Model predicts how drugs navigate the body

As much as drug-delivery researchers believe they have a good handle on what goes on inside the cells in which they're releasing their various devices and therapeutics, much of it is guesswork, too. Between lipid membranes, aqueous solutions, barriers between the blood and brain, it is, simply put, kind of a mess in there.

Researchers at the Max Planck Institute think they've found a theoretical model that accurately predicts the hydration free energy (HFE) of a number of compounds. "HFE determines solubility and allows accurate prediction of a compound's path in a complex environment," says author Maxim Fedorov. "For example, in passive transport, you want to know that the compound will cross a lipid layer into the aqueous environment inside a cell rather than moving back into the surrounding aqueous environment."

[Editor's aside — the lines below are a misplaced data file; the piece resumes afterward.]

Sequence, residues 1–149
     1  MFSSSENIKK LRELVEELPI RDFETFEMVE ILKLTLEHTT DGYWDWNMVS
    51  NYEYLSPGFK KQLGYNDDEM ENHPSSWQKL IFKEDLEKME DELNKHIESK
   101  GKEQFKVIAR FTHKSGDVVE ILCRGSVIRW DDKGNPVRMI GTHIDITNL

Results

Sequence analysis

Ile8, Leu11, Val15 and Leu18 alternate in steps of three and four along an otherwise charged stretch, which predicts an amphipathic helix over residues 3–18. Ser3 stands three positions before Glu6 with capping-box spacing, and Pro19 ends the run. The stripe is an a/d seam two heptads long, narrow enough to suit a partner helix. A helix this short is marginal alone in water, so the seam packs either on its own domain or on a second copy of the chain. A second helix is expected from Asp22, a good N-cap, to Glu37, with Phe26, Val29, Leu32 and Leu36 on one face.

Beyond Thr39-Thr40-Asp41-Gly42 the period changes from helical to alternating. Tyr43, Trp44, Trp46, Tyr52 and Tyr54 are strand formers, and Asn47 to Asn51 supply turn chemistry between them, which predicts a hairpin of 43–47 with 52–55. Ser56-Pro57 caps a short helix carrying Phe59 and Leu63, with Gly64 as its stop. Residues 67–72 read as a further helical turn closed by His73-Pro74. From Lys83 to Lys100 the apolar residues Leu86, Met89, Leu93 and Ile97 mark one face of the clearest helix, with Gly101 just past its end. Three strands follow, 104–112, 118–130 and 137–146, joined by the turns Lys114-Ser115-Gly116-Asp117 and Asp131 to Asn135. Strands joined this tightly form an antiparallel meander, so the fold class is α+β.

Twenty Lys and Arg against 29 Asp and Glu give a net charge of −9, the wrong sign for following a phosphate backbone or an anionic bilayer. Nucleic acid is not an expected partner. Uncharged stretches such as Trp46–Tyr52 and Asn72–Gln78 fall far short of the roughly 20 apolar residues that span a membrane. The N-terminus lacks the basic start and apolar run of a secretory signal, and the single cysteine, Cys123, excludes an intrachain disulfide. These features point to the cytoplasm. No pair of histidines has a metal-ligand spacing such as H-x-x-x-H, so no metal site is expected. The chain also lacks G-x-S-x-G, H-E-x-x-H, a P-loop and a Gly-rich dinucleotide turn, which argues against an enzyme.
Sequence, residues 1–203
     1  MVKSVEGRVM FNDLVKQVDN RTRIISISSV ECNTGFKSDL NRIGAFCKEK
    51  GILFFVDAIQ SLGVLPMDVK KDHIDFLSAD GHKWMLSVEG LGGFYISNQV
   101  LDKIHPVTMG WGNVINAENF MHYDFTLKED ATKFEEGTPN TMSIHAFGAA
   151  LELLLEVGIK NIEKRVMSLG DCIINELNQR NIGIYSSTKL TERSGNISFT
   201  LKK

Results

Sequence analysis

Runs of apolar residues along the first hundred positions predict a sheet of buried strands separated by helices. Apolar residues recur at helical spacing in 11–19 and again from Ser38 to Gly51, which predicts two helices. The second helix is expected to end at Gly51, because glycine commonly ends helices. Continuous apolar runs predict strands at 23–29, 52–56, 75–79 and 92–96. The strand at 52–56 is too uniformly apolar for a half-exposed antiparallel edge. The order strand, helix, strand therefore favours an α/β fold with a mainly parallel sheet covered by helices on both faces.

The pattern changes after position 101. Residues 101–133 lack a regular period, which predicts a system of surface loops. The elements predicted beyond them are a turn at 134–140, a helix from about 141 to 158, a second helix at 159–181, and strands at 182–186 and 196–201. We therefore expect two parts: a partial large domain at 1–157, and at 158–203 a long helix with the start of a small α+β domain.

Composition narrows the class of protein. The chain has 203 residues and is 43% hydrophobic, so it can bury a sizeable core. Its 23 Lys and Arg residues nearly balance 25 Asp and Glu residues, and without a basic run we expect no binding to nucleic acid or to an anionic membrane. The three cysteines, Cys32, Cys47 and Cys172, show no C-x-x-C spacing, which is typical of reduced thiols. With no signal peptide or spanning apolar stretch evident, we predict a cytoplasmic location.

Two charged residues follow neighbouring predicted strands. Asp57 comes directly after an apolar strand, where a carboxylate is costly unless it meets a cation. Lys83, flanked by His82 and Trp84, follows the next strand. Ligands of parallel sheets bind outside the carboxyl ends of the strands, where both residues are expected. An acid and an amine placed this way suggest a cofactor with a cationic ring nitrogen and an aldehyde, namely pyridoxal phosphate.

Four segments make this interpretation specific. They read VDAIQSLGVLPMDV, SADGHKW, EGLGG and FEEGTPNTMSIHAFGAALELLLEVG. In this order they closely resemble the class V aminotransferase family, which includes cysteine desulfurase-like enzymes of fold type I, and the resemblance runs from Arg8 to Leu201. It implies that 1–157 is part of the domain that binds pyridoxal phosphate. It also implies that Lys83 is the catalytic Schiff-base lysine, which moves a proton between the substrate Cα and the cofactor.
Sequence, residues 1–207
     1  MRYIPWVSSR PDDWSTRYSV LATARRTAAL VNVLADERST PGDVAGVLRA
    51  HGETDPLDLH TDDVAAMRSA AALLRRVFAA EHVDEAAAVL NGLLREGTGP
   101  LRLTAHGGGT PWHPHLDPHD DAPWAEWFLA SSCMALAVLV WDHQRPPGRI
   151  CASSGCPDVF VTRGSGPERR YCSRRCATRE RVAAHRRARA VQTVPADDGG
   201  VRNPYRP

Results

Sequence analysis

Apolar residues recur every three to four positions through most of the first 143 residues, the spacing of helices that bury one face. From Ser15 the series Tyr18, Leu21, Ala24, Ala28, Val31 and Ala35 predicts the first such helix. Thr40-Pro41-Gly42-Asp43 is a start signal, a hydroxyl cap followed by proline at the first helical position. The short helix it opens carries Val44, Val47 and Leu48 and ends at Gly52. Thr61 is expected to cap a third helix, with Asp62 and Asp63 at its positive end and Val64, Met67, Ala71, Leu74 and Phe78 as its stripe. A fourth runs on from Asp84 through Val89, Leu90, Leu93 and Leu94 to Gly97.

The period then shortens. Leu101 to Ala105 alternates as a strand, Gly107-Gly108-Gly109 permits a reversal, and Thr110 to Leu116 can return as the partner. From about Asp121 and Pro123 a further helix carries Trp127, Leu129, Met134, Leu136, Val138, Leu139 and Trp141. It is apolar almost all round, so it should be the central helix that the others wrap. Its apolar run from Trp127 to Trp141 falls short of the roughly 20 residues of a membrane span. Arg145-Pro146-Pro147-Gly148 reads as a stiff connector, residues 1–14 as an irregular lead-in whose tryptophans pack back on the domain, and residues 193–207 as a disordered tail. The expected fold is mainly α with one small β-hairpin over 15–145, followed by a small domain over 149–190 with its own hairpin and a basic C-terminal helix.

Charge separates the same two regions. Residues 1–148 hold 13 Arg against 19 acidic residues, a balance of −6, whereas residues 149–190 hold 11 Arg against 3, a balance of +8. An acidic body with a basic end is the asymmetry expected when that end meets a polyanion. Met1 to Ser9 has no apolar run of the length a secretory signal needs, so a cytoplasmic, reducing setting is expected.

Federov's model is able to predict, cheaply and quickly, the movement of a number of compounds in a complex environment. The idea is to, eventually, create a database of candidate compounds that can be chosen for their ability to navigate the body in desirable ways.

- check out this article for more on the research

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